Anyway, an S-1 brings insights to more than just a company’s financials, so we spent time highlighting key stakeholders, or, in other words, the people are are going to get really really really rich off Uber’s IPO. That includes Uber co-founder and chief executive officer Travis Kalanick, famous venture capital firms like the SoftBank Vision Fund and Benchmark, and more.

The IPO, remember, is expected to sell $10 billion in stock (primary and secondary) and value the company at $100 billion or more.

If 30 minutes digging through the S-1 wasn’t enough for you, don’t fret, we’ll be following the Uber IPO for weeks — probably months — to come.

Equity drops every Friday at 6:00 am PT, so subscribe to us on Apple PodcastsOvercast, Pocket Casts, Downcast and all the casts.

Equity Shot: Lyft is public — what does that mean for other IPO-ready unicorns?

Hello and welcome back to Equity, TechCrunch’s venture capital-focused podcast, where we unpack the numbers behind the headlines.

Sure, we just aired a new episode, but things keep happening, and after talking about this crop of IPOs for so long, we can’t help ourselves. (You can follow us on Twitter, here and here, by the way, if Equity isn’t enough for you.)

Lyft, as you know, started trading today, closing the loop on a long saga that brought the smaller of the two domestic ride-hailing unicorns to the public markets.

After so much speculation about which of the two would get out the door first, Lyft did, and now we get to see what sort of pricing shenanigans happen next. Does Uber drop rates and punish Lyft? Or does Uber work to cut its losses, lowering its expenses and providing a clearer path toward profitability before its April IPO roadshow kicks off? (Not a path to profitability, mind; Uber and Lyft need to show a path to the direction of profitability first.)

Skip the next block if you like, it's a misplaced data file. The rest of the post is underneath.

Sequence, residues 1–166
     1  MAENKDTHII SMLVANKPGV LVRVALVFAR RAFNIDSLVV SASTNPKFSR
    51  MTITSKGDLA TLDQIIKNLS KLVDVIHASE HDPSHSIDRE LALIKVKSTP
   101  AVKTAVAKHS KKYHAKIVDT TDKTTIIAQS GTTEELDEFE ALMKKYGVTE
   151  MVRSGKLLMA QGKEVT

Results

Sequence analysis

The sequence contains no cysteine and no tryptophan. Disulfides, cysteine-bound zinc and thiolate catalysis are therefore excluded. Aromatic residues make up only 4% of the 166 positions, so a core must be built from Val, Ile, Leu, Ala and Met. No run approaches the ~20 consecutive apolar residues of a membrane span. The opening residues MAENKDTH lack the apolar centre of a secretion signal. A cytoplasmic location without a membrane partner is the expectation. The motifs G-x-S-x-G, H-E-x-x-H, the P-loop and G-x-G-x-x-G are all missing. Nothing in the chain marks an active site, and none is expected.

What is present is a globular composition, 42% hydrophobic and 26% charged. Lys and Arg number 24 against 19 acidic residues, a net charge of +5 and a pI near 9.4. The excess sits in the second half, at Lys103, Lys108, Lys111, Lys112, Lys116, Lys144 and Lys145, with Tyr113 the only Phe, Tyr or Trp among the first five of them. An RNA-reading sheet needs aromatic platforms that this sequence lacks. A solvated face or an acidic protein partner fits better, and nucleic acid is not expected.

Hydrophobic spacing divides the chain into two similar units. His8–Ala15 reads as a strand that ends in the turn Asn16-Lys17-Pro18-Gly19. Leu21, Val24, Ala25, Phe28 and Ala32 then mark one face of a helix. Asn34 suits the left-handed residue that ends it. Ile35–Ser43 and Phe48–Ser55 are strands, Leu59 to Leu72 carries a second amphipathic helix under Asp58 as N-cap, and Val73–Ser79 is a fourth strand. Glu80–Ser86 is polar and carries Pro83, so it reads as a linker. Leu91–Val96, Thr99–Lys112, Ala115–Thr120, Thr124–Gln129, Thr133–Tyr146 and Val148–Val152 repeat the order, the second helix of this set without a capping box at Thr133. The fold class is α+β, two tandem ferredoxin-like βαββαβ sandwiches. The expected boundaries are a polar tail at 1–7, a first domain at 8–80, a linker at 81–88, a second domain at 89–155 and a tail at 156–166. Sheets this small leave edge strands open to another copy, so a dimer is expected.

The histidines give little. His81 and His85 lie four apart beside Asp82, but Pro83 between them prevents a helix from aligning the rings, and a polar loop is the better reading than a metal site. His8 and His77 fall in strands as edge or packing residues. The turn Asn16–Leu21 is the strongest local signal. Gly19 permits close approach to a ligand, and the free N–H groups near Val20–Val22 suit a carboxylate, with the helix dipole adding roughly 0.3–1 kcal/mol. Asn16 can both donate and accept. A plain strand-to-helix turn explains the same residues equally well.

We hit all the bases, going over the company’s pricing path, its varying share figures, final raise metrics and more. If you want the hard stuff, we’ve got a shot for you.

Now that the Lyft IPO has wrapped, we’ll be shifting our focus to Pinterest, Zoom and, of course, Uber. Stay tuned.

OK, now we’re done. Until next Friday. Unless something else happens.

Equity drops every Friday at 6:00 am PT, so subscribe to us on Apple PodcastsOvercast, Pocket Casts, Downcast and all the casts.

Lidar and perception startup Innoviz raises $132 million

Innoviz, the Israel-based startup developing solid-state lidar sensors and perception software for autonomous vehicles, has raised $132 million in a Series C funding round that includes major Chinese financial institutions.